Two soundtrack albums from the master of spaghetti western music, on RCA and EMI respectively. The first record needs little introduction, assuming you have similarly fond memories of watching these films as a kid. “This Is..” features highlights from other classics like The Good, the Bad and The Ugly and Death Rides A Horse, but opens each side somewhat jarringly with the main theme from Chi Mai, and the funky groove of Come Maddalena. Still, beggars can’t be choosers.
“20 sensual disco greats, including a selection from the original soundtrack of the exciting new film “Erotica” from the undisputed king of erotic entertainment, Paul Raymond.”
Released by Warwick Records in 1981, this is a nice mixture of Top 40 smasheroos and somewhat less successful but no less charming cuts from the likes of UK Players, Voggue (sic), Debbie Raymond and Bob Saker. They also slipped-in that decidedly pre-disco but no less erotically stimulating classic Je T’aime by Jane Birkin and Serge Gainsburg, even though it’s not on the soundtrack. In fact, a quick look at the small print reveals that only four of these tracks are actually from the soundtrack. But with a sleeve like that, who really cares?
“As advertised on T.V.”, natch.
I used to watch this Thames Television series every week with my dad, during those war-obsessed years of the 1970s. This was serious television, and I still watch the repeats occasionally.
This vinyl spin-off features Carl Davis’ powerful theme, along with several of his incidental scores, plus a selection of contemporaneous songs from the era by the likes of Vera Lynn, although as the sleeve notes admit, most of the songs actually sung by the troops were simply “too obscene, too irreverent, too vulgar. These songs live on only in old soldiers’ memories”.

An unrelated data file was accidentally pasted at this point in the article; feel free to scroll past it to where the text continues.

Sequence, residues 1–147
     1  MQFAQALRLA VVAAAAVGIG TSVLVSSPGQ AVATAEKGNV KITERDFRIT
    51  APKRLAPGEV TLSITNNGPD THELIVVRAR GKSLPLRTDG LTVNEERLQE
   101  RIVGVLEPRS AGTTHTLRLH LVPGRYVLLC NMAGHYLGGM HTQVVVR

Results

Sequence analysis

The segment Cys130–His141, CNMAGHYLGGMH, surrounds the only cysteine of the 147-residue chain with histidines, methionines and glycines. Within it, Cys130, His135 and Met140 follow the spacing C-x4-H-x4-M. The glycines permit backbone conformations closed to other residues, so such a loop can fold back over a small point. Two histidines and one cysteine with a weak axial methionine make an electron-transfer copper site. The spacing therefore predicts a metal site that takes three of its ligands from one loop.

Great stuff, but I’m feeling the absence of Sir Laurence Olivier – his arresting, portentous narrative delivery was a big part of the series and it would’ve been nice to hear a few excerpts on the record.
Sticking with the Sci-fi theme, here’s something else I came across recently…
You could always rely on Pickwick Records to leap on the latest bandwagon, and here’s their 1977 attempt to cash-in on Star Wars mania.
Credited to The Sonic All-Stars conducted by Bruce Baxter, one might get the impression that this was some grand, fully-orchestrated sound spectacular.
It’s difficult to gauge what impression this would’ve made at the time, or how much electronic wizardry might’ve been involved, but to these modern-day ears, this sounds suspiciously like the work of one guy, holed-up in a little bedroom studio, armed with a couple of synths, a drum machine, a multitrack, the sheet music for John Williams’ score and a tight deadline. Cheap ‘n cheerful, in other words.
But therein lies it’s charm.
Following on from my colleague’s post yesterday, it reminded me that I never got around to posting the full double-gatefold album version of Jeff Wayne’s classic which I came across last year, complete with original booklet insert featuring more superb artwork from Geoff Taylor and others…
Back when this was released in 1978, I remember there was a real buzz about it at school. My parents never bought it, unfortunately, so I had to make-do with listening at friends’ houses whenever possible. When I found this copy for a couple of quid, it felt like closure; a resolution of a niggling resentment that had been quietly simmering in my soul since I was nine. At last! I can finally listen to my own copy!!
I still reckon it’s a bloody good listen for about 90% of the time (sorry, I can’t agree with my colleague’s assertion that ‘Horsell Common And The Heat Ray’ ‘sucks’ – it’s wicked, but perhaps best heard in context of the overall narrative) and some of those sound effects still have the power to send a chilly ripple down the spine. In fact, the only other record designed for children’s entertainment that I can think of that makes comparable use of scary electronic sounds is “Dr. Who & the Pescatons” (more on that another time).
Quite possibly Richard Burton’s finest hour…